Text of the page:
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Stone tools from Jordan point to dawn of division of labor

Anthropologists Liv Nilsson Stutz and Aaron Stutz in the field, on the terrace of Mughr el-Hamamah in Jordan.

(Inset) Two stone tool points made using a prismatic blade technique (left and center), and a bone point or needle (right).

Thousands of stone tools from the early Upper Paleolithic, unearthed from a cave in Jordan, reveal clues about how humans may have started organizing into more complex social groups by planning tasks and specializing in different technical skills.

The Journal of Human Evolution published a study of the artifacts from Mughr el-Hamamah, or Cave of the Doves, led by Emory University anthropologists Liv Nilsson Stutz and Aaron Jonas Stutz.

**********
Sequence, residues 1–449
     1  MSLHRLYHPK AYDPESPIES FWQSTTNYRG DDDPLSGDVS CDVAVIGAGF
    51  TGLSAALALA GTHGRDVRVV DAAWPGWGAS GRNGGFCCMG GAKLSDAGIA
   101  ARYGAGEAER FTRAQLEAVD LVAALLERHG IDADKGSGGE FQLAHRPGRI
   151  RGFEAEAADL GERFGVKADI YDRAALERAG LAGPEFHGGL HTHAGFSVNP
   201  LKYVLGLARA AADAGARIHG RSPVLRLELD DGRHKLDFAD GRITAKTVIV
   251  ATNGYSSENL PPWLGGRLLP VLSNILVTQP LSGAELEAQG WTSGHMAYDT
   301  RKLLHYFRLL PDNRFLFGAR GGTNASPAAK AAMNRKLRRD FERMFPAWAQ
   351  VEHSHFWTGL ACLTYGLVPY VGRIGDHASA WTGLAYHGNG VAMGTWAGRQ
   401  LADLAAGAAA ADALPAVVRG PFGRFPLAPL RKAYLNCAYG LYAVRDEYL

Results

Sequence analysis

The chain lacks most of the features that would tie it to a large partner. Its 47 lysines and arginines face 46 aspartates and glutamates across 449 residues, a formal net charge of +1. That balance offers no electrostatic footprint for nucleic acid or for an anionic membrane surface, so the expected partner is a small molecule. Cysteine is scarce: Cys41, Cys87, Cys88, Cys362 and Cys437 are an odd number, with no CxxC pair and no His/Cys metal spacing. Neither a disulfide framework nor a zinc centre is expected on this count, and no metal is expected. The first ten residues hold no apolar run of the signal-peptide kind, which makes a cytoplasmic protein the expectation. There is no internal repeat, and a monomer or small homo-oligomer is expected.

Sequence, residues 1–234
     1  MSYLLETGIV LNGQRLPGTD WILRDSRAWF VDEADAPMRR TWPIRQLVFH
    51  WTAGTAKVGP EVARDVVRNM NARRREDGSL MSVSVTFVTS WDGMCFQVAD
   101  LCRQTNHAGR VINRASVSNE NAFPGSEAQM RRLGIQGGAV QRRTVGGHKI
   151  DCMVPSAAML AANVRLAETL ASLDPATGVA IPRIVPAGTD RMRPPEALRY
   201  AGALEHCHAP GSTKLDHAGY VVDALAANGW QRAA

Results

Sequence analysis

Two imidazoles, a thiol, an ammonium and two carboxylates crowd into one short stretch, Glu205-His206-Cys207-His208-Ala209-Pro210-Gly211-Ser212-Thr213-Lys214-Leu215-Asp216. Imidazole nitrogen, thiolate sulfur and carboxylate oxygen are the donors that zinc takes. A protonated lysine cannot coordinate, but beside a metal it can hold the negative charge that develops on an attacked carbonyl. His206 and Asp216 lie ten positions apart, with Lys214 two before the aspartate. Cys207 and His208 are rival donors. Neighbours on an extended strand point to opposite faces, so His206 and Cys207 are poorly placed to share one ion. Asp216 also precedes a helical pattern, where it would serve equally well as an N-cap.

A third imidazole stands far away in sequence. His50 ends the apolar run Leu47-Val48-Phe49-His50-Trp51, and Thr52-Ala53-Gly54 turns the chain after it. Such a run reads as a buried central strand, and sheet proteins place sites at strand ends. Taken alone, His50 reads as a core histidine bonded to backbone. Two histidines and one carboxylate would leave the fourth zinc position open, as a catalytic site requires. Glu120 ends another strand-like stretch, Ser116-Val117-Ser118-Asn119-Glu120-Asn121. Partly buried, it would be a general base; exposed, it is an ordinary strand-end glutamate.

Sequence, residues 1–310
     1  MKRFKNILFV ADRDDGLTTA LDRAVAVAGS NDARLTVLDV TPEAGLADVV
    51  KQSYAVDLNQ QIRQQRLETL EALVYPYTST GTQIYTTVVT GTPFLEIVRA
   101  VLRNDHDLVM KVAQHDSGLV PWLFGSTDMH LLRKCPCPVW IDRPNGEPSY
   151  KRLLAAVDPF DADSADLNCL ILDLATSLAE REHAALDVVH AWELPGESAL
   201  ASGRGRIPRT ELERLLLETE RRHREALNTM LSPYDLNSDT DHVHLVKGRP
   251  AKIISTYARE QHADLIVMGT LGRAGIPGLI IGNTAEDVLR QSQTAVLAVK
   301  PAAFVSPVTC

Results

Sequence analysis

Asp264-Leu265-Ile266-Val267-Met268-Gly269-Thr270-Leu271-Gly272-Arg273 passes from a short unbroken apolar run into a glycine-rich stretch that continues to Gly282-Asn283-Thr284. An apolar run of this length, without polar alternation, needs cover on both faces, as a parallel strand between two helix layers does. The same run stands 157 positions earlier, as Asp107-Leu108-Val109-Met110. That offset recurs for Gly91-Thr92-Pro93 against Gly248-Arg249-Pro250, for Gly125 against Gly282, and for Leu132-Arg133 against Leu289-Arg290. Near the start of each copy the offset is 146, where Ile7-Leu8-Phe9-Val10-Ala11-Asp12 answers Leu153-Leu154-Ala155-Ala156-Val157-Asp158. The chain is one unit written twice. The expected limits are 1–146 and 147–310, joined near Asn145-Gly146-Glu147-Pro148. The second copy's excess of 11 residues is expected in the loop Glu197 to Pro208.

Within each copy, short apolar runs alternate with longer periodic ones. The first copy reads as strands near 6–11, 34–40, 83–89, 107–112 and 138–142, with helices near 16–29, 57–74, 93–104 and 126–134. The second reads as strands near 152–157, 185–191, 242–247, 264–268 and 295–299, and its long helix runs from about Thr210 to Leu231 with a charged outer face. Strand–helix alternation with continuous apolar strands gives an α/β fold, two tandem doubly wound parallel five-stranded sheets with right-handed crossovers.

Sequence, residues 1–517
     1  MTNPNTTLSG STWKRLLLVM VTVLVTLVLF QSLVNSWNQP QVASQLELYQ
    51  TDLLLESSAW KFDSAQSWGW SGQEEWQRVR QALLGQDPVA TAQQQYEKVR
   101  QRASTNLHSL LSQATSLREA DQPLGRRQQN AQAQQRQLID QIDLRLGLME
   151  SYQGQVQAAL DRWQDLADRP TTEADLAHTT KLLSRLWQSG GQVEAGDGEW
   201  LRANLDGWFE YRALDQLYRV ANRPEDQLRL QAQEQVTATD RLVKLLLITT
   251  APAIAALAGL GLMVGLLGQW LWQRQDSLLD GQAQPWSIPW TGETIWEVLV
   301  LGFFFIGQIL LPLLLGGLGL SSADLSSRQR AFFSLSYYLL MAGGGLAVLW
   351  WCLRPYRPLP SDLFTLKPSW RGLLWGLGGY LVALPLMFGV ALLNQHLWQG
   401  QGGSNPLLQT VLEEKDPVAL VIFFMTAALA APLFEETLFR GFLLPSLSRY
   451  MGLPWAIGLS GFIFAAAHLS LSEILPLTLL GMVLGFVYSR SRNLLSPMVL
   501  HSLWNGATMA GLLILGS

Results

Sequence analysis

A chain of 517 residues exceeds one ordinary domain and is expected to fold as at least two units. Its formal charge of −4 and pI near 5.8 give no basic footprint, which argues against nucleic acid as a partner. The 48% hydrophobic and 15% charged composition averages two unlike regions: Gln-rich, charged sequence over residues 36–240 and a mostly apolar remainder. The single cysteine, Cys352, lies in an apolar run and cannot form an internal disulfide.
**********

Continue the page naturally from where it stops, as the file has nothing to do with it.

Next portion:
“We have achieved remarkably accurate estimates of 40,000 to 45,000 years ago for the earliest Upper Paleolithic stone tools in the Near East,” says Aaron Stutz, an associate professor at Emory's Oxford College. “Our findings confirm that the Upper Paleolithic began in the region no later than 42,000 years ago, and likely at least 44,600 years ago.”

The rich array of artifacts shows a mix of techniques for making points, blades, scrapers and cutting flakes. “These toolmakers appear to have achieved a division of labor that may have been part of an emerging pattern of more organized social structures,” Stutz says.

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